Organisations are under massive pressure to evolve and prepare for the “new normal” arising from the Coronavirus pandemic. Capacitating people to adapt, work and innovate in a radically changed environment has become pivotal to survival.
With new norms in social distancing, online meetings and many people working from home, people need new skills. Furthermore, the way that skills are accessed and developed also needs to evolve.
Deon Oberholzer, Director at ProudAfrique Human Capital says that companies need to close the gap between existing skills and the skills they need to propel their business forward in a dramatically changed environment. At the same time, they need to protect their personnel, making online training and skills development programmes the viable solution.
“The new business order demands new ways of thinking, managing, working and training. Companies have to change the way in which they upskill and manage human capital as well as rethink business models to be ‘revolution-ready.”
“In the ‘new normal’, we are less likely to meet in person, less inclined to attend any form of gathering or event and more likely to use video conferencing to engage with our clients and personnel. Similarly, training and skills development is increasingly moving online.”
“During the COVID19 pandemic, we have seen a strong leaning to favour online learning and we do not think it will swing back to in-person training in the near future. However, much of the training online is theoretical whereas the implementation of knowledge and practical skills is also critical to success.
“With this in mind, online training combined with workplace based programmes that fuse academic learning with practical work with a mentor would be a best practice solution for bridging the void between existing skills and the competencies that are required in the new business order.”
Deon Barnard at the University of the Free State Business School says a holistic approach to matching and empowering relevant skills is necessary as businesses claw back.
“Companies need to ask where their next leaders are coming from, have succession planning and exit strategies in place, and have a view of how their management teams will look post COVID19.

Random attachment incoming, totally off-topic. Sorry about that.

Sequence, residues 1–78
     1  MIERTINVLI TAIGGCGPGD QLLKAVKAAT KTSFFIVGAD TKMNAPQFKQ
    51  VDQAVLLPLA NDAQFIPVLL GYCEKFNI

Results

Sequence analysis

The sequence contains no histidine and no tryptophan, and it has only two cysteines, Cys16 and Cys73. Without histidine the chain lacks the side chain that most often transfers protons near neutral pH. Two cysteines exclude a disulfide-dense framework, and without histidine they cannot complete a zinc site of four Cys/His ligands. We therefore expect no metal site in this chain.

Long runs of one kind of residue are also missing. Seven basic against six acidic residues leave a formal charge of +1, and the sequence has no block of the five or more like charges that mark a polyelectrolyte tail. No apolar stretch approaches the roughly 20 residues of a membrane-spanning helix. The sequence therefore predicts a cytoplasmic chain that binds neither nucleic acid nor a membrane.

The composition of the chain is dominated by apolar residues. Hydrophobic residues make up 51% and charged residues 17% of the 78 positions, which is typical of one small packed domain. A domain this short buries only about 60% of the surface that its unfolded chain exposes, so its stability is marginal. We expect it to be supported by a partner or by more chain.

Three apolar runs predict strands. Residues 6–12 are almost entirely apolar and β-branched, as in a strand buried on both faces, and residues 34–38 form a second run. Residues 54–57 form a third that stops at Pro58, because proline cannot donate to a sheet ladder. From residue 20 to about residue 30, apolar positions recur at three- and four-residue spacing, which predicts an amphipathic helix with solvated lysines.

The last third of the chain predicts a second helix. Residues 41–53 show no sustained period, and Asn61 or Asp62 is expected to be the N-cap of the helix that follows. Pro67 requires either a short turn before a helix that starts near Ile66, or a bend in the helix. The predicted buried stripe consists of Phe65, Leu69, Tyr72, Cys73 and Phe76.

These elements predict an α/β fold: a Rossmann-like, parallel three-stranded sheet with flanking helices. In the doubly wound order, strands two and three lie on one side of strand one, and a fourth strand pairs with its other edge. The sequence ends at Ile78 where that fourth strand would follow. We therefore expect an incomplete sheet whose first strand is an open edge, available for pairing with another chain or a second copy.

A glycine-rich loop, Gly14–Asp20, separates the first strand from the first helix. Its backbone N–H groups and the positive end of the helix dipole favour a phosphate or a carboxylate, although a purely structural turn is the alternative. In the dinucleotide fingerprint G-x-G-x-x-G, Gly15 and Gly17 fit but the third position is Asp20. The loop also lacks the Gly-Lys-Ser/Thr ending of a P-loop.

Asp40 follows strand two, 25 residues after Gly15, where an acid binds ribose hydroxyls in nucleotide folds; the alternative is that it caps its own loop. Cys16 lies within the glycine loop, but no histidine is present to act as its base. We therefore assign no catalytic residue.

“Investing in management development is about shaping managers who are equipped to navigate the new challenges of doing business. There is a big movement towards online programmes, and even more so with more people working and studying from home. With this said, online teaching programmes are becoming a crucial part of education. And these human capital programmes make it easier to take part in management programmes from anywhere,” he says.
“To easily adapt in an environment where radical innovation and change is inevitable, it is important for organisations to have a systematic process of training and growth in place where individuals in management teams can gain and apply knowledge, skills, insights and attitudes to manage the workplace more effectively.”
Oberholzer concludes saying that elements such as Broad Based Black Economic Empowerment (BBBEE) should form part of the holistic approach to human capital development and management.
Aside from the obvious benefits of a workplace-directed qualification that combines both theoretical and practical learning the Workplace-based Learning Programmes offered by ProudAfrique Human Capital qualifies for recognition as Category B programmes in the Learning matrix of the Amended BEE Codes. This allows the salaries of participants to be recognised as part of Skills Development Expenditure.